The next time you run a Git command that requires authentication, Git will ask you to authenticate with both GitHub (for the push via HTTPS) and, if you are pushing to a Git LFS repo, with LSST’s Git LFS server (for authentication of the LFS upload):

Username for '': <GitHub username>
Password for 'https://<user>': <GitHub token>
Username for '': <GitHub username>
Password for 'https://<user>': <GitHub token>

At the prompts, enter your GitHub username and token.

Once your credentials are cached, you won’t need to repeat this process on your system (unless you opted for the cache-based credential helper) until the token expires.

If you find that git push is not working but also not asking you for credentials, you may need to manually insert the username and token into the credential store or macOS keychain, or manually delete the token and let it re-authenticate; ask for help on Slack if you are having trouble.

Tune your shell for Git

You can build an effective development environment and workflow by tuning your Git setup. Here are some ideas:

  1. Add git status to your prompt (see the instructions under “To enable:” at the top of the file). Some more complicated suggestions are discussed on this Community thread, including this git bash prompt project. Colorized git information in your prompt can help you easily know what branch you are on, or if you forgot to finish a rebase.

  2. Enable shell autocompletion, to allow things like tab-completing git branch names and files to commit. Linux users can install the “bash-completion” package to automatically gain this, and other, autocomplete functionality. MacOS users can add autoload -Uz compinit && compinit to their .zshrc file.

  3. Craft aliases for common workflows.

  4. Use hub to interact with GitHub features from the command line.

Set up your editor

You’ll want to configure your preferred editor (or its command line hook) as your Git editor. For example:

git config --global core.editor "vim"
git config --global core.editor "emacs"
git config --global core.editor "atom --wait"
git config --global core.editor "subl -n -w"

See GitHub’s help for setting up Atom and Sublime Text as Git editors.

Useful Git aliases and configurations

You can craft custom Git commands (aliases) in your ~/.gitconfig to refine your workflow. When you run an alias (git <alias> [arguments]) the alias’s name is effectively replaced with the alias’s content in the command line statement.

Here are some aliases try in ~/.gitconfig:

    # List things
    tags = "tag -l"
    branches = "branch -a"
    remotes = "remote -v"

    # Shorten common commands
    co = "checkout"
    st = "status"
    br = "branch"
    ci = "commit"
    d = "diff"

    # Log that shows titles of last 16 commits
    l = "log -16 --color=always --all --topo-order --pretty='%Cred%h%Creset -%C(yellow)%d%Creset %s %Cgreen(%cr) %C(bold blue)<%an>%Creset' --abbrev-commit --date=relative"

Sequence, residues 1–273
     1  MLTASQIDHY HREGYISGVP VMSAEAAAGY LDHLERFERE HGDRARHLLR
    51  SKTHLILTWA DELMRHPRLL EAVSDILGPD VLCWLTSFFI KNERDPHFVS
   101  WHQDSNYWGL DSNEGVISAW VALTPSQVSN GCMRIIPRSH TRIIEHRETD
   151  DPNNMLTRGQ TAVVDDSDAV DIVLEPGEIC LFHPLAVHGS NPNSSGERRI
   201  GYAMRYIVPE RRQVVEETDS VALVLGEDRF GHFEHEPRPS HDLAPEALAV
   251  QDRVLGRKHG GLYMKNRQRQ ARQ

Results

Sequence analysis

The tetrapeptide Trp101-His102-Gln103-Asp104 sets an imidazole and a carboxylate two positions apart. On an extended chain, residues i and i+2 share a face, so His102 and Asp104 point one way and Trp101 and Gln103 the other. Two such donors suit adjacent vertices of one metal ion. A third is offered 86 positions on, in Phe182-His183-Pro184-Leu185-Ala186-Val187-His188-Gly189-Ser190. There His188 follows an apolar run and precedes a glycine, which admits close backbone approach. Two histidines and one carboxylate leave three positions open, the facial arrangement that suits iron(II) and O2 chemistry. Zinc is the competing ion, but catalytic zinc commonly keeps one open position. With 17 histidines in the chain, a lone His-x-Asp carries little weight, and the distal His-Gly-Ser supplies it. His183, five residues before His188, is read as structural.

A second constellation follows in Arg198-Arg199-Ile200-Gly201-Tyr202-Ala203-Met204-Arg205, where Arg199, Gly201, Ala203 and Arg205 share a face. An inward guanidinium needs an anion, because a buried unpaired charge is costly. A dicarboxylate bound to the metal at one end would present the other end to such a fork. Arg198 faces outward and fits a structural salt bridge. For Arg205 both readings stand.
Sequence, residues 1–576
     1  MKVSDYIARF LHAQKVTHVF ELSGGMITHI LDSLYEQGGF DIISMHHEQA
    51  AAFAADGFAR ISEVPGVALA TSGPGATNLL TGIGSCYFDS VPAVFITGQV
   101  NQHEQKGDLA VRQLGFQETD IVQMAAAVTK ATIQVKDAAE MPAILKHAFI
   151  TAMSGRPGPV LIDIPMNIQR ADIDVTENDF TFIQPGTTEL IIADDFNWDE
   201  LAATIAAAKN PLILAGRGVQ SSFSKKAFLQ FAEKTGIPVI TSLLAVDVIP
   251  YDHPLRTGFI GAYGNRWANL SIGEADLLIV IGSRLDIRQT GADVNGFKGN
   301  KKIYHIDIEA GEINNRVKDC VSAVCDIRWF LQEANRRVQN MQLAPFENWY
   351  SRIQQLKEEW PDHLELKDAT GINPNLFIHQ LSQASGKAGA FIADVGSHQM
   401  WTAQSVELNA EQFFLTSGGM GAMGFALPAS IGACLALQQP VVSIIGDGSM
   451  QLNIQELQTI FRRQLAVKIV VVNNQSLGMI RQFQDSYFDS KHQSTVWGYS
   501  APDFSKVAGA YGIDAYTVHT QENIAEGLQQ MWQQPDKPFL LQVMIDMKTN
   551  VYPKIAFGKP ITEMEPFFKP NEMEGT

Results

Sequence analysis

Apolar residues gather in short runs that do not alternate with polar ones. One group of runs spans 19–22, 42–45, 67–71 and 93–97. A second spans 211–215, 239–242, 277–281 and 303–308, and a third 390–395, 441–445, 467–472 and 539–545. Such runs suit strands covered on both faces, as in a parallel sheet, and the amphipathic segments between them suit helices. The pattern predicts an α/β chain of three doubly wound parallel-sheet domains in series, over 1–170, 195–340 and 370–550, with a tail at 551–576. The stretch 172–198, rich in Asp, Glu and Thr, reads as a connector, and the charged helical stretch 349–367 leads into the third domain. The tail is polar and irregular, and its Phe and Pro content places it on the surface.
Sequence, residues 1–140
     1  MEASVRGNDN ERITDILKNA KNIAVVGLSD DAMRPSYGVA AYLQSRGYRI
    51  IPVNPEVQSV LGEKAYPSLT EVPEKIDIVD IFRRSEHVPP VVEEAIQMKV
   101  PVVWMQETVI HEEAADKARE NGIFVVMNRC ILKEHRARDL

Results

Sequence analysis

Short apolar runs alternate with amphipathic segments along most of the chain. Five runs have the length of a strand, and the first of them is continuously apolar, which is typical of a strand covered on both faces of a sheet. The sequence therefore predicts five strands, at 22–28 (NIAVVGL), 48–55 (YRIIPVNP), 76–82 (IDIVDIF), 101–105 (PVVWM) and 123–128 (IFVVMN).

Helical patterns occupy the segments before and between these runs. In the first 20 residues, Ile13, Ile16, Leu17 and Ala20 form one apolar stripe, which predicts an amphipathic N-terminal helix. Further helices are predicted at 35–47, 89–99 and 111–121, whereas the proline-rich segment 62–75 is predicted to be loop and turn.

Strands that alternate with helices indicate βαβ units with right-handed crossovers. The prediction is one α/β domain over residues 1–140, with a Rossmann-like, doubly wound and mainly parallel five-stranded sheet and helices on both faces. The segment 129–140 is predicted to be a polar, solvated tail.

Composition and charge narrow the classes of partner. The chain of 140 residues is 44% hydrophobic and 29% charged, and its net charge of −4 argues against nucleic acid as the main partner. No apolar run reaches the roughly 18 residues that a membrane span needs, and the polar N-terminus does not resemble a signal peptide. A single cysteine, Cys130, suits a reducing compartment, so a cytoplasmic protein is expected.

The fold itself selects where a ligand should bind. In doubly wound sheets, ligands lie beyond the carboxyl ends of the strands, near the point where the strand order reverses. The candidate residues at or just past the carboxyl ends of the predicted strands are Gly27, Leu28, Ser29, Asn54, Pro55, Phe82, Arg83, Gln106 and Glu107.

# Log that starts a pager with titles of all the commits in your tree
    ll = log --color=always --all --topo-order --pretty='%Cred%h%Creset -%C(yellow)%d%Creset %s %Cgreen(%cr) %C(bold blue)<%an>%Creset' --abbrev-commit

    # Log that shows the last 10 commits as a graph
    lg = "log -10 --color=always --all --graph --topo-order --pretty='%Cred%h%Creset -%C(yellow)%d%Creset %s %Cgreen(%cr) %C(bold blue)<%an>%Creset' --abbrev-commit --date=relative"

    # Log that shows all commits as a graph (using a pager)
    lgl = "log --color=always --all --graph --topo-order --pretty='%Cred%h%Creset -%C(yellow)%d%Creset %s %Cgreen(%cr) %C(bold blue)<%an>%Creset' --abbrev-commit"

    # Show outgoing commits
    out = "log @{u}.."

    # Print the title of the current branch; sometimes useful for scripting
    currentbranch = "!git branch --contains HEAD | grep '*' | tr -s ' ' | cut -d ' ' -f2"

    # Better diffs for prose
    wdiff = "diff --color-words"

    # Safer pulls; don't do anything other than a fast forward on merge
    pull = "pull --ff-only"

    # Amend last commit without modifying commit message
    amend = "!git log -n 1 --pretty=tformat:%s%n%n%b | git commit -F - --amend"

    # Create a commit that will be automatically squashed as a fixup when you
    # run `git rebase --autosquash`
    fixup = "commit --fixup=HEAD"

Configure ‘plain’ pushes in Git (required for Git prior to v2.0)


This behavior is the default for Git v2.0 and later; this section is only here for reference for those coming from an earlier version of git who may have set a different config option for this.

In earlier versions of Git, push.default=matching was the default. See the git-config documentation for details.

Ensure that git push only pushes your currently checked-out branch by running this command:

git config --global push.default simple

This command modifies ~/.gitconfig.